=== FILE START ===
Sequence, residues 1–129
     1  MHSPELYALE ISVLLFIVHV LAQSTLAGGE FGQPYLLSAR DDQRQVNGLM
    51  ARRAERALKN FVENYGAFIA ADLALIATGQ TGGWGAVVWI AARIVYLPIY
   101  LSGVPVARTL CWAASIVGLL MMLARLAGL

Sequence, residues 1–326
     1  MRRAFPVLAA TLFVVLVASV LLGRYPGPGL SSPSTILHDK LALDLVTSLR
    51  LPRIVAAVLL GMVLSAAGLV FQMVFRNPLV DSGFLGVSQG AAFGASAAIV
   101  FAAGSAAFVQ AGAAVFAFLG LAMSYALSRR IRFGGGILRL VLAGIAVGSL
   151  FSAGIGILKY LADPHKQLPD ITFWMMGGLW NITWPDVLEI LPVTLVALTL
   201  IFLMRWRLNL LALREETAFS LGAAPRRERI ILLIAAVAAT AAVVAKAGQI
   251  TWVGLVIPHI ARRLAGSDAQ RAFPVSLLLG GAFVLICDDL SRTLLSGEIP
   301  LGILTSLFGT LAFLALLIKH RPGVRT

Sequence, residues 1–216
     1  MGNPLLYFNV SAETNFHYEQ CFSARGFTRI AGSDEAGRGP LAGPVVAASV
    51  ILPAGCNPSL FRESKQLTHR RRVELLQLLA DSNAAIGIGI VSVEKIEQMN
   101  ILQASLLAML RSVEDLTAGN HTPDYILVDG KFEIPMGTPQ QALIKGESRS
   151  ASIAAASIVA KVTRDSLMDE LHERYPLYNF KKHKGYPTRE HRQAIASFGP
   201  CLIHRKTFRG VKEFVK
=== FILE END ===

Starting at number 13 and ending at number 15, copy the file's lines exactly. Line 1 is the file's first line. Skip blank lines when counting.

Sequence, residues 1–216
     1  MGNPLLYFNV SAETNFHYEQ CFSARGFTRI AGSDEAGRGP LAGPVVAASV
    51  ILPAGCNPSL FRESKQLTHR RRVELLQLLA DSNAAIGIGI VSVEKIEQMN